by Lucy Bustamante, 13News Now, Posted on October 14, 2021 at 6:20 PM

VIRGINIA BEACH — Veterans suffering from post-traumatic stress disorder and traumatic brain injury may soon have relief from their symptoms.

Dr. Paul Harch, a leader in hyperbaric medicine, claims hyperbaric oxygen therapy may permanently curtail TBI and PTSD symptoms.

James Ciconne was an E4 in the Army and was diagnosed with PTSD after spending a year in Iraq. He committed suicide a year ago. “He did say to me, ‘Mom, I’ve done terrible things. I’ve done terrible things,’ and you can see the pain in his face,” Tanya Ciconne said. His father, Bill Ciconne, remembers the last three texts he got from his son. “I love you, thank you for raising me, and goodbye,” he texted.

Bill Ciconne supports Dr. Harch’s research.

“I will never accept my son not being here,” Ciconne said.
Harch is in charge of the hyperbaric oxygen therapy program at LSU Medical School in New Orleans and says his therapy could help prevent 22 suicides that happen every day in the military. Harch says with his therapy, he’s seen brain traumas cured in veterans.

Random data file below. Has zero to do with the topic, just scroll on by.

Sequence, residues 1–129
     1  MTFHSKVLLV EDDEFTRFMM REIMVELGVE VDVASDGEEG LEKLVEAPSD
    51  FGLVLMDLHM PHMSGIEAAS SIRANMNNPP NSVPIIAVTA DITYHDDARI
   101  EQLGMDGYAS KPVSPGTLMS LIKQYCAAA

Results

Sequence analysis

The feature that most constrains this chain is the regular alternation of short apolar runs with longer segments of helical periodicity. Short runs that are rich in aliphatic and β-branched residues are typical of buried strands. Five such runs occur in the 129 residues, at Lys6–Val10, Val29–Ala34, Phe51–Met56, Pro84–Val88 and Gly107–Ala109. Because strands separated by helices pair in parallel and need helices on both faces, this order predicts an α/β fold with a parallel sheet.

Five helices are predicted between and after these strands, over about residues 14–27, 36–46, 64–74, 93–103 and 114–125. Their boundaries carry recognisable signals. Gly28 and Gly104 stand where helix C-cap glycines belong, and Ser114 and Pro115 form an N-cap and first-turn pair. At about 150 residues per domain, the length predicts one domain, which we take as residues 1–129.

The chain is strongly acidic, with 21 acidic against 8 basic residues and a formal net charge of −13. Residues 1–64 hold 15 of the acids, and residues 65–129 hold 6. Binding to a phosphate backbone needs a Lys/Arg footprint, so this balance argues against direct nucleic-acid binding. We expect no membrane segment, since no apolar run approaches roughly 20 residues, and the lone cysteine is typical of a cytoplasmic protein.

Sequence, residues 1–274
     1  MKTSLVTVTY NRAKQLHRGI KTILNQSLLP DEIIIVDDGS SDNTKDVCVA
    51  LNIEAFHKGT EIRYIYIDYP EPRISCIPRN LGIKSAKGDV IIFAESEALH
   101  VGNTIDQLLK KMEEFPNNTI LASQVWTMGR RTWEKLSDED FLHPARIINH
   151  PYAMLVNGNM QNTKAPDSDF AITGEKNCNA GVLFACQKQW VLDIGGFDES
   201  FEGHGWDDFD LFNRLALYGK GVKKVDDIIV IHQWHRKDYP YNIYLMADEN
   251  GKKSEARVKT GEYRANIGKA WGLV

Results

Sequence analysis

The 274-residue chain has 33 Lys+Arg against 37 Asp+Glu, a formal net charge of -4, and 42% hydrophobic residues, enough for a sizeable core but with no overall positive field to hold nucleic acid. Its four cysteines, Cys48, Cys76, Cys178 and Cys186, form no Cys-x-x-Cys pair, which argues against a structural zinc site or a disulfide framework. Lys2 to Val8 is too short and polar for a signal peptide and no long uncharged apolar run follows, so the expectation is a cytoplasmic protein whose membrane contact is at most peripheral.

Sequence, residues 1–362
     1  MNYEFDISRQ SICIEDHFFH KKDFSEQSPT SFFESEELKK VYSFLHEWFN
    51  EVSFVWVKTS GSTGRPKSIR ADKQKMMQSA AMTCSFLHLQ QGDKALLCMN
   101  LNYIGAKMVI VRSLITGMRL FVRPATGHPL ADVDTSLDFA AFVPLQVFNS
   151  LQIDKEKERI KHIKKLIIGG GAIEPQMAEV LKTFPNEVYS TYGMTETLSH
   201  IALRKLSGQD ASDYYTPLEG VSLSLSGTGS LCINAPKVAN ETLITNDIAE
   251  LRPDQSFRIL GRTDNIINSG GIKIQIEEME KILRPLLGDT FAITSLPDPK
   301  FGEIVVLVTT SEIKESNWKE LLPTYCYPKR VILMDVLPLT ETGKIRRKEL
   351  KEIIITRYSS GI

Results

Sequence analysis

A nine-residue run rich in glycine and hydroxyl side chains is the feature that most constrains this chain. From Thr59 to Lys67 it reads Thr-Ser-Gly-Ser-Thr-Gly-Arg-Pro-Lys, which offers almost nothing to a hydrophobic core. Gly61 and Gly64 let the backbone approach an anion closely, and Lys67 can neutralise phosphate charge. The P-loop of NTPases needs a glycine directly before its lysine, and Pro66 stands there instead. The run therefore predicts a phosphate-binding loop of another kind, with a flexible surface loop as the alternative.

“To our great surprise, after 25 treatments he [one patient] came and said to me, ‘My PTSD is gone,’” Harch said.
Dr. Harch says he hopes his upcoming FDA trial using veterans with PTSD will prove to the military that the oxygen chamber they already use to help their divers heal can also be used to treat post traumatic stress disorder.

“It acts as a signal to our genes in our DNA and it turns on growth and repair hormones,” said Harch.

Dr. Harch isn’t waiting to get military members to him. Mercy Medical , a non-profit group, is stepping in to help.

Also on his side is the Ciconne family, who wishes their son would have known about the treatment.

On November 11, the Ciconnes are sponsoring a free movie night at Cinema Cafe to bring awareness to suicide prevention and PTSD treatment.

The Department of Defense, the Veteran’s Administration, and the National Institute of Mental Health recently pledged $100 million for further PTSD and TBI research and treatment, impacting over 550,000 brain injured veterans.

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